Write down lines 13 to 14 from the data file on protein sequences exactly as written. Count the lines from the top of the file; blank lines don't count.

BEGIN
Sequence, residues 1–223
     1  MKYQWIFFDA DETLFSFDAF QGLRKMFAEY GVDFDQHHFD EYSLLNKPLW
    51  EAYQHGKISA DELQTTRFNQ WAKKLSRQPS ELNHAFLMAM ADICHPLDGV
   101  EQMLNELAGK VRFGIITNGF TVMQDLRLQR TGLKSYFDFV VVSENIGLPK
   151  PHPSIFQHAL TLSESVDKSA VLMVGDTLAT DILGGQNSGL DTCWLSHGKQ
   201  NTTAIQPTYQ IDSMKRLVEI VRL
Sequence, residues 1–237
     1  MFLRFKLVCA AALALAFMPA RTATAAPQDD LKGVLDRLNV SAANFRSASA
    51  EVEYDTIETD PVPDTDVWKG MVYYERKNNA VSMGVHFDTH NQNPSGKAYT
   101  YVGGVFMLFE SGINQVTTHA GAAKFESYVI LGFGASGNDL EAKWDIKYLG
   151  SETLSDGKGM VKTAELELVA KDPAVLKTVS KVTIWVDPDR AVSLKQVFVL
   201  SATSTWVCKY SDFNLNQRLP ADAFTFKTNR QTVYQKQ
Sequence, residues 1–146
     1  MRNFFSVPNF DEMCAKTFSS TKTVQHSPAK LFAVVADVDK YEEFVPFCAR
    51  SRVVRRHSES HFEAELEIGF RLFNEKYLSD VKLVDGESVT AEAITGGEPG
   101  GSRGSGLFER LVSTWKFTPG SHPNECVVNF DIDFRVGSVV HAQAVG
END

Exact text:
Sequence, residues 1–146
     1  MRNFFSVPNF DEMCAKTFSS TKTVQHSPAK LFAVVADVDK YEEFVPFCAR